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Commentary :: Environment : Organizing
The Long Arm of the UfPJ? (and RNC Photos)
30 Aug 2004
Modified: 06:49:58 AM
NEW YORK CITY- A half a million people marched by the Fortified and Republo-filled Madison Square Gardens today, and many felt the conspicuous absence of a rallying point. Tolu Olupna, a NYC resident, felt that the march was “disorganized,” because of the lack of a rally space. “I would love to be listening to speeches right now,” Olupna said as she sat in the shade at Union Square with other marchers uncertain about just where to go.
But requests for a permit to rally on the Great Lawn were finally denied by the New York State Supreme Court. UfPJ officially asked people not to march to Central Park. After a long and inspiring march, a focusing point is a positive thing, it is a place to get out the message, a place to talk and connect with people. UfPJ didn’t win a permit, but does that mean that they should also act to discourage people from assembling anyway?
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The Long Arm of the UfPJ? +RNC Photos
An article on the UfPJ website explained their reasoning:

“We are committed to having a safe, legal protest march, that anyone and everyone can attend - kids, seniors, immigrants, people with disabilities. We therefore are NOT leading our march to Central Park, and we ask everyone who plans to participate in our march to respect our desire for a safe and legal event, and not to organize breakaway marches from it to the Park.”

As the “legal” march negotiated with the city neared it’s end UfPJ “marshals” urged protestors to disperse with bullhorns. On 19th street they herded protestors towards Broadway, away from the park, using steel gates, effectively splitting up the march and coercing people to leave the area. But each time they made their bullhorn announcements random voices from the crowd cried “Central Park!” The owners of those voices and others made for the subway gates.

At the Lawn later in the day tens of thousands showed up to claim their right to assembly. The randomness of the gathering and the collective conviction in the freedom of assembly created an atmosphere that a “legal” rally could not have mustered. Street theater and puppet groups improvised their acts, the billionaires marching band walked off the job and joined up with a troupe of drummers, several people were suddenly half-nude and dancing. I don’t mean to say something so sappy as “everyone was jamming together on one vibe and it was a truly enlightening experience!” But there is something incredible in a crowd when they feel they are standing up to the authorities and winning, even if it is in a small way such as this statement supporting our freedom to express ourselves and assemble in public.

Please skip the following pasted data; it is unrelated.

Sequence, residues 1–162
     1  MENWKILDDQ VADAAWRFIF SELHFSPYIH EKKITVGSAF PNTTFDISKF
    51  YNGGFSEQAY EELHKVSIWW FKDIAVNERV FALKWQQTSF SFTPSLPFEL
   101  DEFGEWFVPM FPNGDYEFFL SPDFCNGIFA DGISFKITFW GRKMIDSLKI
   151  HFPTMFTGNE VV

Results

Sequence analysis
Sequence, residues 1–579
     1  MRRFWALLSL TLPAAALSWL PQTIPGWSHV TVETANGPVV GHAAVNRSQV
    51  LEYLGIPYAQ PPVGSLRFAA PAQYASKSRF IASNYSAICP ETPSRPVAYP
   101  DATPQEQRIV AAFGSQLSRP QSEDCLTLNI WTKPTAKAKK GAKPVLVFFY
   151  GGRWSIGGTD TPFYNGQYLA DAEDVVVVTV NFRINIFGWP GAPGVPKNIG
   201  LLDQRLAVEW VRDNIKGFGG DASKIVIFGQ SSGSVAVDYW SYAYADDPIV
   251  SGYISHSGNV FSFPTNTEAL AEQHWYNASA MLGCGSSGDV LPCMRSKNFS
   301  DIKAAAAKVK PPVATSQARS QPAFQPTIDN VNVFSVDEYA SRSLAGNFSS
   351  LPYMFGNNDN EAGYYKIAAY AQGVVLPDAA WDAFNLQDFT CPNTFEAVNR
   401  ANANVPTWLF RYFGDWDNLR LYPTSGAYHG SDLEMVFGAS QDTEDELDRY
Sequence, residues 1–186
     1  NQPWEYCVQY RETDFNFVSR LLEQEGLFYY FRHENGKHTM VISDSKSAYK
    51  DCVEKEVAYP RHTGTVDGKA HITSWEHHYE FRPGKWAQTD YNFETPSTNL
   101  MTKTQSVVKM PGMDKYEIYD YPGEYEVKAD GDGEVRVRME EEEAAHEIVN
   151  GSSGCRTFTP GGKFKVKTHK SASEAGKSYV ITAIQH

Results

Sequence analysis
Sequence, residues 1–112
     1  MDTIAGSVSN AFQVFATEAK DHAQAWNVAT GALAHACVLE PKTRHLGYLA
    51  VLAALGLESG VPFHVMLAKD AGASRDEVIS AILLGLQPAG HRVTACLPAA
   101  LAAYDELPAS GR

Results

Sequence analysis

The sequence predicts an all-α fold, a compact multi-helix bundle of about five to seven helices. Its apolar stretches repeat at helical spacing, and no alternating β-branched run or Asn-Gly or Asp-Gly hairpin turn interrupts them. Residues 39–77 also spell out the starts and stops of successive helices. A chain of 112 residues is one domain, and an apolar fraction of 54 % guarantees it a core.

“Ultimately, freedom of speech means freedom of speech. No one should bother us, including the helicopter above.” Said Bob Armstrong of Jersey City, NJ.

Perhaps this “unlawful” gathering is a hint of what is possible, of what might be inevitable, in the future of large American demonstrations. Foregoing the whole permitting process and rejecting the controls the government we criticize tries to put on our freedom of speech. Regardless of where individuals on the lawn fell on the political spectrum, from Radical to Democrat to Hardcore Billionaire Republican, regardless of their age, race or ability (of which all points of the spectrums were represented including families with children), none seemed to be the least bit concerned about participating in an un-permitted rally. Magdely La Monte, 16 years old, was incredulous,

“What are we doing wrong? I mean, what are they gonna do, take away our rights?” she asked. And what would NYPD do if a large group, such as UfPJ, were to challenge a unconstitutional decision such as New York’s refusal to allow a rally on the Great Lawn? What would happen to UfPJ if they did challenge the city and actually encouraged people to extend the march to the Great Lawn? If arrests were made, could the courts convict us? Would Americans be arrested for stepping on grass?

Organizers of an anti-war movement, or any socially conscious movement that advocates humanity, is not necessarily bound by the city permitting process in order to practice non-violence. History has shown that the interpretation of the first amendment is bent in times of national “emergencies” such as the red scare in the 20’s, McCarthyism in the 50’s, Vietnam in the 70’s and now the war on terror. In their rush to prevent any type of confrontation with the authorities organizers can, as in the case of UfPJ this week, allow the authorities to pressure them into situations that harm the effectiveness of their own demonstrations and the movement as a whole. On the ground, at the marches, the UfPJ “Marshals” herd protestors as if the people do not have a voice or a mind of their own. In effect, they become peddlers of control. In a circular process they prove their ability to control, win more permits for large rallies, and then direct more energy back into control tactics. Helping to keep a march peaceful is an important and necessary task. But when the authorities yank on UfPJ's chain and the group not only obeys, but encourages others to obey as well, instead of standing by our constitutional rights, the organizational structure of the UfPJ must come into question.
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The Long Arm of the UfPJ? +RNC Photos
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The Long Arm of the UfPJ? +RNC Photos
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See also:
http://www.bigmuddyimc.org/newswire/display/318/index.php

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